The MBA in Sales & Trading

by Vault Careers | March 10, 2009

  • My Vault
Do I need an MBA to be promoted on a sales and trading desk?

Generally, sales and trading is a much less hierarchical work environment than investment banking. For this reason, it is widely believed that you don't need an MBA to get promoted on sales and trading desks. This view is often perpetuated be people who work on trading desks, but just because you hear this once or twice, don't accept it as truth. Whether you need an MBA or not is really a function of the firm you work for and the desk you're on. If the firm you're considering hires both associates and analysts, but you notice that associates are offered twice as much pay as analysts, then this is certainly an indication that MBAs are more highly valued. This doesn't mean that you can't be promoted without an MBA; you'll just have to work much harder to get recognized. When it's time for a promotion, you may also be somewhat behind in the pecking order. Some firms, on the other hand, don't want MBAs. This may be because they don't want to pay more for employees with business degrees, or because they have an implicit firm policy regarding MBA -- some firms hold the view that it's hard to teach an old dog new tricks, so they will hire exclusively out of undergraduate programs.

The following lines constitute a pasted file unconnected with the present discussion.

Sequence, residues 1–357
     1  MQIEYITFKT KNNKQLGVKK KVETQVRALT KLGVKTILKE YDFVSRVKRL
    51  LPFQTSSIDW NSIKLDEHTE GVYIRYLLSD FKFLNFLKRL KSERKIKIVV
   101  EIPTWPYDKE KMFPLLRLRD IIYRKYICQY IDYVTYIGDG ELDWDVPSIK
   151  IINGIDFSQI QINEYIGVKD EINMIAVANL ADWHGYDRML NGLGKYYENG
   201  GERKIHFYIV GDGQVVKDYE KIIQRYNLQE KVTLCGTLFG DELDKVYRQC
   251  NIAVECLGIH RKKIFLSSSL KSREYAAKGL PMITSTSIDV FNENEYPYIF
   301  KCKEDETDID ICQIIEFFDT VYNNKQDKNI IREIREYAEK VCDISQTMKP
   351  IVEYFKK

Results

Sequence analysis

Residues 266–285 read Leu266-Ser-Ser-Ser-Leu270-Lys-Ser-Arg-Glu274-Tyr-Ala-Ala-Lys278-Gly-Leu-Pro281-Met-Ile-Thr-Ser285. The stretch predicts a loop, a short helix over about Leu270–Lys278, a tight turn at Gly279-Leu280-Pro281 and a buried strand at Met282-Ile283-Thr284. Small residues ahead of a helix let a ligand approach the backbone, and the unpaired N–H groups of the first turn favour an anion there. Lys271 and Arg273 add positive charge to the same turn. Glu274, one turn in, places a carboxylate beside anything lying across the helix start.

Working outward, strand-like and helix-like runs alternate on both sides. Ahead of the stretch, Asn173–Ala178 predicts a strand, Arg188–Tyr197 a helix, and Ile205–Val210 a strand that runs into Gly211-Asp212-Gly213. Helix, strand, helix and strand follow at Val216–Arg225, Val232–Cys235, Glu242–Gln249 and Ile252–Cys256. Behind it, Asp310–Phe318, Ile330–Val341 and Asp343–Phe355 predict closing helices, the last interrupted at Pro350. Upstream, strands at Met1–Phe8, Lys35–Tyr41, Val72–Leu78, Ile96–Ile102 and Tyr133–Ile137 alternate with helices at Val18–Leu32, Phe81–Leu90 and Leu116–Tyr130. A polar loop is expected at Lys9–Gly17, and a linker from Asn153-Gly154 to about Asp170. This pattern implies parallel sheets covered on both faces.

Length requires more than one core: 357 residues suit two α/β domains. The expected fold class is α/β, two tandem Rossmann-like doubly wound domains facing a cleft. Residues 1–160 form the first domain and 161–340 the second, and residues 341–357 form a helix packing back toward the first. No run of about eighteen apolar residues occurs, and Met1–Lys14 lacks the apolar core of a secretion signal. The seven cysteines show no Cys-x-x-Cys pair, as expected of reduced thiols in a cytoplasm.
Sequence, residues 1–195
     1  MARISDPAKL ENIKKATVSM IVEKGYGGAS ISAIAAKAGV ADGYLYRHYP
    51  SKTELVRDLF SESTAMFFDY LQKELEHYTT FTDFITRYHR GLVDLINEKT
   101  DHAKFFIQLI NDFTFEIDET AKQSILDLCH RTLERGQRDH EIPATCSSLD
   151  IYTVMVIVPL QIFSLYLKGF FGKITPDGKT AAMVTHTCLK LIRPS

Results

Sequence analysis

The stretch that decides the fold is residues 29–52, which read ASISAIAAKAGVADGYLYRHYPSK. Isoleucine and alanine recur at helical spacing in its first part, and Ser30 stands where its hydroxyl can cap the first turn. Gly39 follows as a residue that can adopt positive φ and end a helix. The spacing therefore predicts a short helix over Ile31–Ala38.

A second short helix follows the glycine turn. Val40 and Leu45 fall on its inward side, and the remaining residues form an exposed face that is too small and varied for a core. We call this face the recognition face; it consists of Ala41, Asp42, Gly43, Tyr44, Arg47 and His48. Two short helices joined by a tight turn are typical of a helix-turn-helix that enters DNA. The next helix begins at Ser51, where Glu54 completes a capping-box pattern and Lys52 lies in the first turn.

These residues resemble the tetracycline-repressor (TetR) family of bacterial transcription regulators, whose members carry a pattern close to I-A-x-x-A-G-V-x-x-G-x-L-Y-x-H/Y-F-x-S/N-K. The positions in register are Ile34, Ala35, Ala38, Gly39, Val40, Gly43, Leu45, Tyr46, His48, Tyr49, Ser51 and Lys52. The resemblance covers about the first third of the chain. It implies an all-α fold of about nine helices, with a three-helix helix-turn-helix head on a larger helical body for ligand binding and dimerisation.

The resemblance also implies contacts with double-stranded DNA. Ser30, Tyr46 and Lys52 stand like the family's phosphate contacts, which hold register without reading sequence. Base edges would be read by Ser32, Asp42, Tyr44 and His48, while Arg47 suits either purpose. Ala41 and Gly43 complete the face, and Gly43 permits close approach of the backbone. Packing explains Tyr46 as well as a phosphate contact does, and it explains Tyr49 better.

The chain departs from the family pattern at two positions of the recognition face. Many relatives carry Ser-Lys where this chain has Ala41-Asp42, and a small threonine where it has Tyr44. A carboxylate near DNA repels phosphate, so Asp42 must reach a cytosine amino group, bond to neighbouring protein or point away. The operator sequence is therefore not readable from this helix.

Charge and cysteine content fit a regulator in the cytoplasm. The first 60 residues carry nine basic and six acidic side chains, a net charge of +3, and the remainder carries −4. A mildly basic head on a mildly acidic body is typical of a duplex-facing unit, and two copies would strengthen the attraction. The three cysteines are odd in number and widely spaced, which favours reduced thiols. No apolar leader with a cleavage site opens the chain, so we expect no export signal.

Not only is the MBA valued differently from firm to firm, but it is also valued differently from desk to desk. A lot about being on a trading desk is about fitting in, and if everyone else, including the boss, doesn't have an MBA, then chances are that having an MBA won't add too much value in this environment. In fact, an MBA degree may even hurt your career prospects if there's a downright disdain for MBA types. Alternatively, if the desk you're on is populated with MBAs, then not having an MBA will probably limit your career advancement. Alternatively, you can be in a situation where you're the only MBA and everyone thinks that you're the brain, which can work to your advantage even if the boss has no personal biases about the value of the degree.

The bottom line is that there are no hard and fast rules. Depending on the particular firm and desk, an MBA may not advance your career. Be aware of the aforementioned issues, and ask some good questions to get a better feel for whether an extra degree is a benefit.

What are some of the tangible benefits of an MBA?

The pay is better and you will generally have a faster track for promotion to salesperson or trader. The MBA associate will typically have to do the same demeaning things that an undergraduate analyst does, but mercifully for a shorter period of time. In some cases, MBAs are also more likely to be assigned the desk that they'd like to work for. Undergraduate sales and trading recruiting programs, on the other hand, may hire you as part of a generalist pool and place you on a desk that isn't your top choice. Another benefit for the MBA candidate is the availability of more exit options out of sales and trading.

Filed Under: Job Search

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